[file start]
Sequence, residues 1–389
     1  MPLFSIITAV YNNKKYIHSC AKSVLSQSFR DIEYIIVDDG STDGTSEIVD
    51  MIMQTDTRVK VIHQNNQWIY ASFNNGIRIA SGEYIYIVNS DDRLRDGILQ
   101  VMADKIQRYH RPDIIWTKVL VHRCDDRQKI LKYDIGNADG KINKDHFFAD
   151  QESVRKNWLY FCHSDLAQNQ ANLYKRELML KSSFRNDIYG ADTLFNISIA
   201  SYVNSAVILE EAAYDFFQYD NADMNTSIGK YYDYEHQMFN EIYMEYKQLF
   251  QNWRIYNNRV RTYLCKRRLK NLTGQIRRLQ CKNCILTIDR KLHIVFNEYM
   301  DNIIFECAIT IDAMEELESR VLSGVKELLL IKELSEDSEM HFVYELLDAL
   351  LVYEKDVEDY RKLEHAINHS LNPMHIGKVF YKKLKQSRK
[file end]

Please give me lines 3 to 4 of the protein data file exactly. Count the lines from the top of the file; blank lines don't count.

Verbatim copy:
    51  MIMQTDTRVK VIHQNNQWIY ASFNNGIRIA SGEYIYIVNS DDRLRDGILQ
   101  VMADKIQRYH RPDIIWTKVL VHRCDDRQKI LKYDIGNADG KINKDHFFAD